Friday, February 27, 2015

Farm Photo Friday (2-27-2015)

Welcome to Farm Photo Friday

What a week!
With temperatures in the negative teens, our OLD tractor would not start.
We depend on that tractor to help clear our 450 feet long driveway.

One morning, my oldest daughter and I worked on the driveway with the snow shovel, basically as a way to just know where the driveway was for Handy Hubby to get in and out for work.
Our hard work was covered two hours later with more snow!

Needless to say...we were home bound for a while.
School was canceled.
Appointments and plans had to be rescheduled.

We did a divide and conquer for the chores on those frigid days.
Barn animals - alpacas and cats.
Inside animals.
Shoveling snow.
Sweeping snow.

A picture is worth a thousand words...

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Wednesday, February 25, 2015

Nostalgia Baking

Nostalgia:  a desire to return in thought to a former time.   
 A sentimental yearning for the happiness of a former place or time.

The other day I wanted to do some nostalgia baking.
I wanted to create something basic.
Using ingredients that I already had in the pantry.
Baking like our Grandmothers and Great Grandmothers (and many before them) did.

I also wanted to use some utensils that were nostalgic.

I purchased this sifter at a yard sale years ago.
I envision a homemaker sifting flour to make homemade breads and sweets for her family.
Can you see her wiping her hands on her handmade apron?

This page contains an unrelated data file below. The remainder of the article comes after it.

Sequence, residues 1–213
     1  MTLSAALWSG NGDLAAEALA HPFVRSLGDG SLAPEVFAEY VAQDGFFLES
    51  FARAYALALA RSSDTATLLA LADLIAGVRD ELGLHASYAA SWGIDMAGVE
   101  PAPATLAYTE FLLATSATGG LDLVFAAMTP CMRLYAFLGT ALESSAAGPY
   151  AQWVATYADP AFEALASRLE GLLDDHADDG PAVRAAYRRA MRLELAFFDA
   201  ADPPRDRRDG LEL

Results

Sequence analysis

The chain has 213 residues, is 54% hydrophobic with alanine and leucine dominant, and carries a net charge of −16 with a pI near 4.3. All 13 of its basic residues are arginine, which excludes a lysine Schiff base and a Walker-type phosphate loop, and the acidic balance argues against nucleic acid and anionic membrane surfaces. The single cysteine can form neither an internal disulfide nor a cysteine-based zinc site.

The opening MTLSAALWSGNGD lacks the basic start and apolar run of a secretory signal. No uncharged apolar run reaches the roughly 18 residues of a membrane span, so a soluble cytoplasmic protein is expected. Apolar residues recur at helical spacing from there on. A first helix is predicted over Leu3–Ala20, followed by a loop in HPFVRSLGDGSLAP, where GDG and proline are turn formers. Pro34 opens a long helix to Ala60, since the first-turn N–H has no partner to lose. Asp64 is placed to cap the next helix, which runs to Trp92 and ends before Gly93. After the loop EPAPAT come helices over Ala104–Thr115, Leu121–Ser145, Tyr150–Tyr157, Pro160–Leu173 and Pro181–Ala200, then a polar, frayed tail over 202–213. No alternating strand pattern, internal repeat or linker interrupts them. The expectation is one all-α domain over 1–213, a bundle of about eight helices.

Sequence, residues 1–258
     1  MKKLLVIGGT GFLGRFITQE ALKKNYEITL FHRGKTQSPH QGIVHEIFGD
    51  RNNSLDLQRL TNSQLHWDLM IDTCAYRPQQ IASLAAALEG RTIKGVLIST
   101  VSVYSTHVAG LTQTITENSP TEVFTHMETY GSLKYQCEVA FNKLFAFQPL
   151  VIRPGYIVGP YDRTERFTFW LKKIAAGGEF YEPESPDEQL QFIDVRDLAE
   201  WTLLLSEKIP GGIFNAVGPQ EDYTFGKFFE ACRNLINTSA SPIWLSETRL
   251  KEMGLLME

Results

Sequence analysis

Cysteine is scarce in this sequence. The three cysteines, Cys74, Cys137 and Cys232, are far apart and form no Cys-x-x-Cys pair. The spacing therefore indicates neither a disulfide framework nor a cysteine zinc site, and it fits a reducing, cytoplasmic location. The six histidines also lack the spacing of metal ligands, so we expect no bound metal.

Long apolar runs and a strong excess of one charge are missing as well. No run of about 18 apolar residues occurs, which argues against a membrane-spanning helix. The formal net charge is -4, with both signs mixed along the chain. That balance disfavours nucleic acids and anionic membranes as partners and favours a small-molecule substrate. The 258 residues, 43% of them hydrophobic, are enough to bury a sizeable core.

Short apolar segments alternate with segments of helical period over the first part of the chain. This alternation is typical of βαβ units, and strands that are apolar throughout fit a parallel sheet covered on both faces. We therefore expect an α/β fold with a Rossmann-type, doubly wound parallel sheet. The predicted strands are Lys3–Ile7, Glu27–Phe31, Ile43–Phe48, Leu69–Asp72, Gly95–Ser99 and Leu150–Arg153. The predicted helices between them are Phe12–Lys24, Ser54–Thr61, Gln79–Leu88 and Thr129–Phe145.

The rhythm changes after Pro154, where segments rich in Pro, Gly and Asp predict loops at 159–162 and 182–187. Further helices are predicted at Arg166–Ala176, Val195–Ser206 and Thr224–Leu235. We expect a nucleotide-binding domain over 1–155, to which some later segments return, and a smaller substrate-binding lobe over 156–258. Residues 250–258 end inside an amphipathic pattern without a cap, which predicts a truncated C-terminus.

She smiles as she bakes, thankful for her pantry that is stocked with basic ingredients.
Ingredients that she can make delicious and satisfying meals for her family.

This measuring spoon is from a set that my girls gave me one year for a Mother's day gift.
It brings back memories of a visit to Amish Country.
We were at a little shop when I spotted these measuring spoons.
I admired them because they have little roosters on them - something I collect.
I love to use these...they are nostalgic to me.

The recipe I chose to make was something I call
Cinnamon Pantry Bars

2/3 cup shortening
1 cup sugar
2 egg yolks (save the whites, you will use them also)
4 tablespoons milk
1 teaspoon vanilla
2 cups flour
1/2 teaspoon salt
1 teaspoon cinnamon

For the topping
2 egg whites
4 tablespoons sugar
1 teaspoon cinnamon

Preheat oven to 350 degrees.
Beat shortening and sugar until smooth.
Add egg yolks, milk, and vanilla.  Beat together.
Sift together the flour, salt and cinnamon.
Add the flour mixture to shortening/sugar mixture.  Beat well.
Spread batter into a buttered 9x13 baking dish.
Beat egg whites and brush on top of batter.
Mix sugar and cinnamon together.  Sprinkle on top of egg whites.
Bake for 25 minutes at 350 degrees.
After cooling a bit, cut into squares.

Tuesday, February 24, 2015

8 Tips For Keeping Your Chickens Safe From Predators and A GIVE AWAY!

Raccoons and Foxes and Hawks oh my!

No matter where you live, there are predators that are a danger to your flock of chickens.  Most people expect predators in rural settings, but they are also in urban and suburban settings.  Most are sneaky, lurking at different hours of the day or night, depending on the predator and where you live.

Check out my latest Community Chickens post 8 Tips For Keeping Your Chickens Safe From Predators.  At the end of the article, you can enter the GIVE AWAY - 2 Nite Guard solar lights and 1 roll of repellent tape!

Community Chickens is brought to us from their sister publications Mother Earth News and Grit magazines. The website is full of information regarding poultry, eggs, coops, DIY, recipes, and so much more. You can also sign up for their e-newsletter here.   

Monday, February 23, 2015

Vintage Clock For The Mantel

Handy Hubby has wanted an antique clock for our mantel for some time now.

We love to go antiquing.
We almost always see antique or vintage clocks but they are...